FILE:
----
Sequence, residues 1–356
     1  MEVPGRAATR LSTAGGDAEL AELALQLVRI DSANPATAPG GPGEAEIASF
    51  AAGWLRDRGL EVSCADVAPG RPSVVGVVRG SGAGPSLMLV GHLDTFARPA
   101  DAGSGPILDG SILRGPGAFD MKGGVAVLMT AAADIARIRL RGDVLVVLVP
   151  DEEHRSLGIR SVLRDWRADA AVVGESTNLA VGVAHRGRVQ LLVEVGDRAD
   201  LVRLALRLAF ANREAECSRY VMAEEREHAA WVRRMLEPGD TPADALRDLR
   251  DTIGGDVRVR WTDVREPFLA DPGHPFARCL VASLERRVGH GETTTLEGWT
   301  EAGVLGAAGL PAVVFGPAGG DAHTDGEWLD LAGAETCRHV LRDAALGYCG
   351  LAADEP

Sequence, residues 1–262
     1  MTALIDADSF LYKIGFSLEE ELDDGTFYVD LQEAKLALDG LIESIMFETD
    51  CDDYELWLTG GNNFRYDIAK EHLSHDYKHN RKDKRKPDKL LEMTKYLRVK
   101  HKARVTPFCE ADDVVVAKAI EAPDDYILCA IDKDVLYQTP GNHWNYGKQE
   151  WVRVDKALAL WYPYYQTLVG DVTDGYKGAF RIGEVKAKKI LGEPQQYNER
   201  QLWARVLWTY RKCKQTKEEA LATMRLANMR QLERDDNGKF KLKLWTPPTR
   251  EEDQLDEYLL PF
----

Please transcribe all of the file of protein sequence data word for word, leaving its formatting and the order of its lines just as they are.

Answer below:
Sequence, residues 1–356
     1  MEVPGRAATR LSTAGGDAEL AELALQLVRI DSANPATAPG GPGEAEIASF
    51  AAGWLRDRGL EVSCADVAPG RPSVVGVVRG SGAGPSLMLV GHLDTFARPA
   101  DAGSGPILDG SILRGPGAFD MKGGVAVLMT AAADIARIRL RGDVLVVLVP
   151  DEEHRSLGIR SVLRDWRADA AVVGESTNLA VGVAHRGRVQ LLVEVGDRAD
   201  LVRLALRLAF ANREAECSRY VMAEEREHAA WVRRMLEPGD TPADALRDLR
   251  DTIGGDVRVR WTDVREPFLA DPGHPFARCL VASLERRVGH GETTTLEGWT
   301  EAGVLGAAGL PAVVFGPAGG DAHTDGEWLD LAGAETCRHV LRDAALGYCG
   351  LAADEP

Sequence, residues 1–262
     1  MTALIDADSF LYKIGFSLEE ELDDGTFYVD LQEAKLALDG LIESIMFETD
    51  CDDYELWLTG GNNFRYDIAK EHLSHDYKHN RKDKRKPDKL LEMTKYLRVK
   101  HKARVTPFCE ADDVVVAKAI EAPDDYILCA IDKDVLYQTP GNHWNYGKQE
   151  WVRVDKALAL WYPYYQTLVG DVTDGYKGAF RIGEVKAKKI LGEPQQYNER
   201  QLWARVLWTY RKCKQTKEEA LATMRLANMR QLERDDNGKF KLKLWTPPTR
   251  EEDQLDEYLL PF